• What sort of product changes are we expecting to make in the next few months?
  • What are the top priorities for the engineering team right now? What about the company?
  • What does our hiring pipeline and plan look like for the next quarter or two?
  • What does success look like for this project, and what would be the impact on the engineering team?
  • What’s the impact the current status quo has on developer productivity, engineer on-boarding, code reviews, etc?

If you ask all these questions, and your conclusion is that the project isn’t a current priority, your effort doesn’t have to go wasted. Write up a proposal with what you’ve learned, and clearly state what has to be true for the project to be worthwhile. Perhaps it’s the next time there’s a big hiring surge, or the next time the project area requires a major change in business logic. Clearly communicating these thoughts, and having the discipline to say “no, not right now, but here’s when we should seriously consider it” will instill an impressive amount of trust in you from your teammates.

If you and your team would like to proceed with the project and still require buy-in, proceed to the next step.

Communicating the Impact Effectively

Ok, so you’ve decided that this project is worth it. Now, you still may have to convince other people — whether it’s your manager, your team lead, or someone else in the company — that it is.

As engineers, we’re sometimes hesitant to “market” or “sell” our work. Marketing feels dirty, as if we’re putting a spin on things. In reality, the more distant that our audience is to the mechanics and the goals of our work, the more important that communicating about impact becomes.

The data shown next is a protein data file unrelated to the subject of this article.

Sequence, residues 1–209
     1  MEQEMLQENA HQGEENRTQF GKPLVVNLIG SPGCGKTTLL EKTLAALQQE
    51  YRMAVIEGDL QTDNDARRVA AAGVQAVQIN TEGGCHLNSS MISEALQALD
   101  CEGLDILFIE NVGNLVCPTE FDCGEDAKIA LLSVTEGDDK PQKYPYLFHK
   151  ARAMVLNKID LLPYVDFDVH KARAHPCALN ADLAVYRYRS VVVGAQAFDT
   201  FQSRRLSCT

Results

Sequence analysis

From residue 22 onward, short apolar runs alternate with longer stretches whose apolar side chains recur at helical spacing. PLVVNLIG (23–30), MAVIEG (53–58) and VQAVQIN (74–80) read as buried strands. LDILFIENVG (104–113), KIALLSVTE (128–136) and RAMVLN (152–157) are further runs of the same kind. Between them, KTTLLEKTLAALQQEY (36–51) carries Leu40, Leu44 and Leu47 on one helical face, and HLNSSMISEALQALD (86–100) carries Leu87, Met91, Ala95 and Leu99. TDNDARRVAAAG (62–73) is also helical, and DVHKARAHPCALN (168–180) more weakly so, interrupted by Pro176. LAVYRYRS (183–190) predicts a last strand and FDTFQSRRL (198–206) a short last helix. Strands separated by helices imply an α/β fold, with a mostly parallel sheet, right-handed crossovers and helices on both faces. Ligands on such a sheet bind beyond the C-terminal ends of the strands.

Impact is the common language that slices across teams and functions.

You can follow the thread of impact to fine-tune the messaging for whoever you need to communicate with. For example, say you’re refactoring some code relating to a user service. Ask yourself:

  • What is the impact of this project? UserService.js will be in the new format, so 9 out of 15 service files will be converted.
  • What’s the impact of that? We’ll have increased clarity around how new features should be built.
  • What’s the impact of that? We’ll spend less time discussing these issues in code reviews (What are we supposed to do in this case again?), and we’ll be able to onboard the next 10 new hires much faster.
  • What else? New features for the upcoming launch can be built much more quickly and cleanly and with much less discussion.
  • What’s the impact of that? By taking a few days to do this, we’ll be much more likely to hit our target launch dates with fewer unexpected roadblocks.

Following this thread of questions, continue until you reach a set of impacts that you feel will be a no-brainer for whoever you have to sell it to. When talking about expected impact, clearly state an expected timeframe upfront.

Also, focus on the impact that your audience would be most likely to understand. Ask yourself, what is this person most concerned about? If it’s your Tech Lead, the first technical impact (getting closer to full conversion to a new convention) may be fine. If you need to justify this project to a product manager who is not familiar with the codebase, the last few product impacts will probably be better. If you’re talking to a business person, any impact on revenue or sales will matter more.

The more clearly that you can articulate your impact, the more successful you’ll be at getting buy-in.